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NYENDE: You cannot have your cake and eat it

Saturday January 25 2014

PHOTO | JARED NYATAYA Cherangany Constituency MP Wesley Korir (centre), World Marathon record holder Wilson Kipsang (left) and other athletes address the press after a meeting at University of Eldoret grounds on January 22, 2014. They said the government should not tax them for money earned while running outside the country and vowed to boycott the coming Olympics if they are taxed.

PHOTO | JARED NYATAYA Cherangany Constituency MP Wesley Korir (centre), World Marathon record holder Wilson Kipsang (left) and other athletes address the press after a meeting at University of Eldoret grounds on January 22, 2014. They said the government should not tax them for money earned while running outside the country and vowed to boycott the coming Olympics if they are taxed.  NATION MEDIA GROUP

CHARLES NYENDE
By CHARLES NYENDE
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Let’s deal with the sentimental matters first. I love our elite athletes. They give me so much pride as a Kenyan. No sporting discipline in the country has been as successful on the international arena as athletics. Go and look at the all-time leading times in the marathon and 3,000m steeplechase races for instance and you will appreciate what I am talking about.

I feel good when these athletes win at major world sporting events. They positively affect the general psyche of the nation. Winning does that.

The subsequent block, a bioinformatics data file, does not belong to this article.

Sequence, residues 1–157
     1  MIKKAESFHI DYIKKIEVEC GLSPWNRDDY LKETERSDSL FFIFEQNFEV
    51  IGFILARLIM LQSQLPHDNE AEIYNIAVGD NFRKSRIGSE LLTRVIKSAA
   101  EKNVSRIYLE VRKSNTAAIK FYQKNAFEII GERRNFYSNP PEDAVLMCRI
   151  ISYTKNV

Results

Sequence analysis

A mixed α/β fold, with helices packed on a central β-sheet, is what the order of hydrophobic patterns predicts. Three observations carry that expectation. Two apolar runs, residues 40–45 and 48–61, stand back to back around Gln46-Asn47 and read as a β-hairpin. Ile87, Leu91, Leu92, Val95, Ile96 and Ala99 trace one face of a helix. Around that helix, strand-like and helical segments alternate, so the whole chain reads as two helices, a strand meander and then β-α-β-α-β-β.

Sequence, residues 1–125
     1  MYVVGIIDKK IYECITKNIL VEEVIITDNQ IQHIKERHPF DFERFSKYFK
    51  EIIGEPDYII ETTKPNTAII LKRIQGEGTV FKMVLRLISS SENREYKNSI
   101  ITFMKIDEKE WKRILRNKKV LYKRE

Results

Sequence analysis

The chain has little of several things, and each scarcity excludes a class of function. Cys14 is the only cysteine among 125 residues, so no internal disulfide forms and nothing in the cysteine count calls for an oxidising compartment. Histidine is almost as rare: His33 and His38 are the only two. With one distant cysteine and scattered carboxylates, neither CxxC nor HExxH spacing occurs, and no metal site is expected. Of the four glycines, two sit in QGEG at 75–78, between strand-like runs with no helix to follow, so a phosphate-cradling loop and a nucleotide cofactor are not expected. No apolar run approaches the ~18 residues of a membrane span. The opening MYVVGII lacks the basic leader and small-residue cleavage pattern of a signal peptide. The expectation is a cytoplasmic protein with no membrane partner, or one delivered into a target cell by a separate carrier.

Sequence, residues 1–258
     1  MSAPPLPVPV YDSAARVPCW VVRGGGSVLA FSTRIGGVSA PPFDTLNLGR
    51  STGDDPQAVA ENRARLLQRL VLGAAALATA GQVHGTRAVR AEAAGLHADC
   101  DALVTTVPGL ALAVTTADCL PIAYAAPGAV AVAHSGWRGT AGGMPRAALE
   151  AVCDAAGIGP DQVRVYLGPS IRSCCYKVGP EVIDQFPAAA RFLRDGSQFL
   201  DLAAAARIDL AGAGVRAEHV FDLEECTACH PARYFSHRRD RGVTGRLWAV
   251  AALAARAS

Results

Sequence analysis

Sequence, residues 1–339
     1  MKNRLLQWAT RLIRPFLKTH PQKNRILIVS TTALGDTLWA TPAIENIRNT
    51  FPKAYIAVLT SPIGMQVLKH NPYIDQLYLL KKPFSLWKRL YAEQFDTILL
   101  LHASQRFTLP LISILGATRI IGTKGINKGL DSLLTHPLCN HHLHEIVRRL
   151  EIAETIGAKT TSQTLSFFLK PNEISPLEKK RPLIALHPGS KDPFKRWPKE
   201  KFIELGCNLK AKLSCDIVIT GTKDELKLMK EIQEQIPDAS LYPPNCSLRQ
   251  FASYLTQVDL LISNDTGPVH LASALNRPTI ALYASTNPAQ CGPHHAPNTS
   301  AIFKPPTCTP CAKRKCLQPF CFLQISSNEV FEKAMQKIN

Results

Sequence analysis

And mark you, they really work hard for these victories - waking up at the crack of dawn, making runs that would tire a race horse and sticking on a strict diet that would shock an anorexic person, in order to become the mean gold medal-minting machines that they are.

Now, our achieving athletes have threatened to boycott major sporting events, including the Olympic Games unless the government reverses a decision to tax their earning obtained outside the country.

They say they bring pride to the country when they are winning events abroad and the government should show appreciation and encourage them more by not taxing their earnings.

Well and good, but let us consider these job situations for example. One, our school teachers, despite the harsh conditions, patiently impart knowledge to our children that will, hopefully, make them upright and productive adults.

Parents go over the moon when their children pass national exams thanks to the hard work of the pupil and teacher. The importance of teachers to the future of Kenya cannot be gainsaid.

Two, have you ever gone to, say, a major hospital and been told that the facility has closed because the medical providers have gone home to rest? I did not think so. They operate 24 hours a day. I venture doctors work some of the longest shifts in the labour market. They are in the business of saving lives and they do that every day, every time. How much more important would one be to his/her nation?

Three, what of our police? When many of us are blissfully asleep this gallant work force is risking life and limb to maintain security. Many have lost their lives trying to protect life and property. What bigger sacrifice can a human being make to a society?

I could go on. The civil servant, journalist, lawyer, truck driver, pilot, farmer, lecturer, banker, pastor, cook, or you and me?
All these people are special in their own way and are all part of the society called Kenya.

That is why I find it very selfish for a group of athletes, most likely making millions of shillings every year from their God-given talent of running, demanding exemption from paying taxes because they bring honour to this country.

I suppose the athletes can stop running for Kenya. They can even go further and stop running altogether to deny the taxman his dues, or just pay their taxes.

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